McDonald, Thomas Newton (Tom)

Photographer Thomas Newton McDonald, a resident of Jonesboro (Craighead County), accumulated many honors in his lifetime, including the United Nations award for service to humanity, Gerard Bakker Award for teaching, and National Award for Service from both the Arkansas Professional Photographers and Southwestern Professional Photographers. His primary work focused on portrait photography, but he also took scenic and artistic photographs. In 1996, McDonald wrote The Business of Portrait Photography: A Professional’s Guide to Marketing and Managing a Successful Studio, with Profiles of 30 Top Portrait Photographers. The book, published by Amphoto Books of New York, was later published in a second edition and translated into Mandarin for publication in China. Born in Lake City (Craighead County) on July 2, 1933, …

Miller, Harry Lewis

Harry Lewis Miller was a photographer active in Arkansas at the turn of the twentieth century. His White River landscapes and scenes of daily life throughout the north-central region of the state form an important aesthetic and social history legacy. While some of Miller’s images were familiar, they were generally unattributed until staff at the Museum of Discovery in Little Rock (Pulaski County) and Old Independence Regional Museum in Batesville (Independence County) researched his work and mounted exhibits in 1998 and 2003, respectively. The oldest of nine children, Harry Miller was born on April 1, 1870, in Dodge County, Minnesota, to Anton and Mary (Lewis) Miller, who were farmers. By 1880, they had moved their growing family to North Dakota, …

Photography

Photography reached the Arkansas frontier in 1842, three years after the invention was announced to the world in Paris, France. For the first fifty years or so, photography as a science and an art was in flux; photographic processes changed, photographers moved to and from Arkansas, and many early practitioners remain unknown. Photographs were made on metal, glass, leather, and wood. Eventually, the collodion wet-plate process, in combination with albumen-coated photographic papers, became the process of choice, and photographers began to expand their interest beyond the portrait to other subject matter. Early photographers were versatile and adaptable, and their photographs played a strong role in preserving the cultural and historical heritage of Arkansas. Photography is defined as the act of …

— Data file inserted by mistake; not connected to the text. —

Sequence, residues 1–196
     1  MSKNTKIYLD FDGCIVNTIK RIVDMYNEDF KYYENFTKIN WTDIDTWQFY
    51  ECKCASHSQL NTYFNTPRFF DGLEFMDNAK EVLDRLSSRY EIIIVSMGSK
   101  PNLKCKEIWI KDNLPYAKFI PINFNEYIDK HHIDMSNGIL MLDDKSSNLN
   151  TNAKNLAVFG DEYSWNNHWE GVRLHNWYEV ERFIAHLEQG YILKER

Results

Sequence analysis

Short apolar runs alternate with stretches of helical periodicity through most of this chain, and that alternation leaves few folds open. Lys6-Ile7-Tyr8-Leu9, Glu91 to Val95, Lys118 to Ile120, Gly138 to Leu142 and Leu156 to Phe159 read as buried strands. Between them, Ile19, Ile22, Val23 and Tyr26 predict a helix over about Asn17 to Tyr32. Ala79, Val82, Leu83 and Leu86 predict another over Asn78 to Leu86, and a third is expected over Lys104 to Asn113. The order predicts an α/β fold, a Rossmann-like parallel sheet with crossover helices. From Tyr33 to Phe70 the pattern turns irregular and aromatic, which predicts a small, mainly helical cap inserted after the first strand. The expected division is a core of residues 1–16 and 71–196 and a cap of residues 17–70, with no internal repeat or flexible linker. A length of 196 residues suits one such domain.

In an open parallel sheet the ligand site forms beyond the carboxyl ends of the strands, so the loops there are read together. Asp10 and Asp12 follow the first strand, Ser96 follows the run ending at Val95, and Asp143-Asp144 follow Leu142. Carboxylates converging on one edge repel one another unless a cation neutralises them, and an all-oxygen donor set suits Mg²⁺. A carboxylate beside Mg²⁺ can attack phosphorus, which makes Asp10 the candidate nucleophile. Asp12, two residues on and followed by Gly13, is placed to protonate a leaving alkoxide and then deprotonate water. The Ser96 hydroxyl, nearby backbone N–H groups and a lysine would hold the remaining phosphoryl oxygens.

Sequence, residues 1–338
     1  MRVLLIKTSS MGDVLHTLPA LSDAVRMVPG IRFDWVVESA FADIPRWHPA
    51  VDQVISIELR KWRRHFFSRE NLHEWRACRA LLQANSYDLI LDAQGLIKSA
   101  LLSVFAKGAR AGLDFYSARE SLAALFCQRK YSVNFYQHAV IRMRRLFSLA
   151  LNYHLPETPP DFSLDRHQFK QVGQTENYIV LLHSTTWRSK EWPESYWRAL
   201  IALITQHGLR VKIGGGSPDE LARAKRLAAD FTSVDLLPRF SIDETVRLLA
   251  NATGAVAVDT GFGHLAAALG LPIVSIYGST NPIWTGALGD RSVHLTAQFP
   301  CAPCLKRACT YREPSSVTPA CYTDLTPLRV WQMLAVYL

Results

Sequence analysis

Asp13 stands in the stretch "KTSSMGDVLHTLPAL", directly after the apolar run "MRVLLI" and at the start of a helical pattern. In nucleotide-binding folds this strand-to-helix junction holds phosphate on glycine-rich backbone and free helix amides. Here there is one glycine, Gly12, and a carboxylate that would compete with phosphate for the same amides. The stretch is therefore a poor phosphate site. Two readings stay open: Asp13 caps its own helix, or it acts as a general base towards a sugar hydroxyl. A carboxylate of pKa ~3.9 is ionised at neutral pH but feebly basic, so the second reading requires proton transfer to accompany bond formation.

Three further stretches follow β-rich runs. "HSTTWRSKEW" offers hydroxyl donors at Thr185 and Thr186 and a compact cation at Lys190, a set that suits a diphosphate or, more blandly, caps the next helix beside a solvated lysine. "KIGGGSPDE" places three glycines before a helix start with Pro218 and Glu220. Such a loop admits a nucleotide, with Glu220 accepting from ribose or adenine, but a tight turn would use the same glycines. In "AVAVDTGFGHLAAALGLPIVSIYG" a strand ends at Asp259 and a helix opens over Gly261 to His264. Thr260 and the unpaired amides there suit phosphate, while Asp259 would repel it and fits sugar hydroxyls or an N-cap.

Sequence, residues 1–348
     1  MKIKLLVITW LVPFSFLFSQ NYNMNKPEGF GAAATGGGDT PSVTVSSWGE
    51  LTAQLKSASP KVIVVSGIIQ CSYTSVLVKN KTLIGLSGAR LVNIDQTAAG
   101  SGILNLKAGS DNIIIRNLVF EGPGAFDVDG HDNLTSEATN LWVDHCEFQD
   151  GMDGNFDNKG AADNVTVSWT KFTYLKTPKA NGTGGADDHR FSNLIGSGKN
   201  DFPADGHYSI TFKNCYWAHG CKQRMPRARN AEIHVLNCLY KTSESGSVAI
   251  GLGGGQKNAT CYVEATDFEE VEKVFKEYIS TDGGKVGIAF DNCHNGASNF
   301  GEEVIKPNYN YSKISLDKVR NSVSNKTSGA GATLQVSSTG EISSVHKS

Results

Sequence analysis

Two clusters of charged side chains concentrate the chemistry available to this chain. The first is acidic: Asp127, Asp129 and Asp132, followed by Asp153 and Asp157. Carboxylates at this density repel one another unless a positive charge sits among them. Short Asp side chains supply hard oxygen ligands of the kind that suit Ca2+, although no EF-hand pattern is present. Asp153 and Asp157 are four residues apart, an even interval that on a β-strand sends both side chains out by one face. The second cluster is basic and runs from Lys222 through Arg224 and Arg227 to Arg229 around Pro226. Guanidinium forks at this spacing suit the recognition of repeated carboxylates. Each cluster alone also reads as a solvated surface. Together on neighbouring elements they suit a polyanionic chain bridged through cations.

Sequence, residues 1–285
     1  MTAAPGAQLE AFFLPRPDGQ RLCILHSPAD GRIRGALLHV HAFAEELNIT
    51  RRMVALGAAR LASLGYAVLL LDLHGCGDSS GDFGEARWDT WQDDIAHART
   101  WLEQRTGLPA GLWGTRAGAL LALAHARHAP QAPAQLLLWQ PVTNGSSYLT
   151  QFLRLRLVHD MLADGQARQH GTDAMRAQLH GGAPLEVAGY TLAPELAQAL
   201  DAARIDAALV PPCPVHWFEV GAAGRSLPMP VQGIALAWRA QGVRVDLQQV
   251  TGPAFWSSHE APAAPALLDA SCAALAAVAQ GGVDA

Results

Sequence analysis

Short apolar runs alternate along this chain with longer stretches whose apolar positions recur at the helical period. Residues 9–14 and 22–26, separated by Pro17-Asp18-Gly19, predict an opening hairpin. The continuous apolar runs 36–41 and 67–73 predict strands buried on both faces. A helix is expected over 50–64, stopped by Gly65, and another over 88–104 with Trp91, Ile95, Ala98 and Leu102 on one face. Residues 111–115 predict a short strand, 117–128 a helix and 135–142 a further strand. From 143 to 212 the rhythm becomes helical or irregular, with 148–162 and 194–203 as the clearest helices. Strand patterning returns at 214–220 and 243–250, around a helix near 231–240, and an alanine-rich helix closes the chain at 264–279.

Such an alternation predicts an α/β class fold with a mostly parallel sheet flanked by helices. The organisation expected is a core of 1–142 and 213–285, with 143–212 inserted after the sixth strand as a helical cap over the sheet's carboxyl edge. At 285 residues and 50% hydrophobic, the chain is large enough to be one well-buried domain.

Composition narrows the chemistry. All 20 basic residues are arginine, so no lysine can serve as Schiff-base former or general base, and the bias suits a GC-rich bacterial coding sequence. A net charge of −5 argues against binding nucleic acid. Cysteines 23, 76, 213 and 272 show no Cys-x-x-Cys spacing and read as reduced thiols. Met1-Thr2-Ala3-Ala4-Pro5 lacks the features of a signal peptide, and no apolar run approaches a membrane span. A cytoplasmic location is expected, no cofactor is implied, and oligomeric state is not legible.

Preller, Hugo and Gayne

Hugo Arthur Preller (1865–1950) and Gayne Avey Preller (1874–1958) owned a floating portrait studio and traveled along the Mississippi River and White River from 1898 to 1950. They took photographs of Arkansans while living in different towns along the rivers. Hugo Preller was also a gunsmith, watchmaker, writer, and painter. Gayne Preller took most of the photos inside the studio, while her husband took the outdoor photos.  Hugo Arthur Preller was born in 1865 in Weimer, Germany. Gayne Laura Avey was born in 1874 in Kentucky. Hugo was sent to the United States in the late 1800s by his parents to escape the potential war environment. He arrived in America when he was seventeen years old and spoke only German. …

Sellers, Barney

Professional photographer Barney Sellers, a native of Walnut Ridge (Lawrence County), accumulated many honors in his lifetime, including a nomination for the Pulitzer Prize in 1973. His photographs of Arkansas barns, old houses, and rural scenes attracted many fans of his work and aspiring followers to northeastern Arkansas and the Ozarks. Born on March 28, 1926, to John and Edith Sellers, Barney Bryan Sellers was the younger of two sons. He grew up in Walnut Ridge, where he graduated from high school in 1944. Following high school, he enlisted in the U.S. Navy, where he served two years aboard the USS De Haven. In the navy, he served in an administrative capacity and advanced to the rank of yeoman third …

Shrader, Gustave Joseph

Gustave Joseph Shrader was a photographer who was best known as the official photographer for the state Senate and House of Representatives and for several Little Rock (Pulaski County) schools. Joseph Shrader was born on May 25, 1870, in Orel, Russia, to a merchant. In 1885, Shrader began serving as a photographer’s apprentice. He immigrated to the United States in 1892. Shrader met Bertha Frank, a resident of Louisville, Kentucky, and married her in December 1900 in Memphis, Tennessee. The couple had one child, Gustave Joseph Shrader Jr., called “Buddy.” Shrader worked for photographers in Louisville, Kentucky; Memphis, Tennessee; Indianapolis, Indiana; Providence, Rhode Island; and New York City. In May 1901, he opened a studio with his wife in St. …

Stern, Howard Seymour

Howard Seymour Stern was a physician, a noted photographer, and an award-winning painter. Although he had no professional training in art, his paintings and photographs continue to be displayed in various collections in Arkansas and around the world. Howard Stern was born on June 14, 1910, in Charlotte, North Carolina, the eldest of four children born to Eugene John Stern and Frances Burger Stern. His father was an architect, half the partnership of Mann and Stern, which designed Little Rock Central High School, the Albert Pike Hotel, the Arkansas Consistory, the Arlington Hotel, and the Fordyce Bath House. The family moved to Little Rock (Pulaski County) in 1913 so Stern’s father could work with George R. Mann on designing the …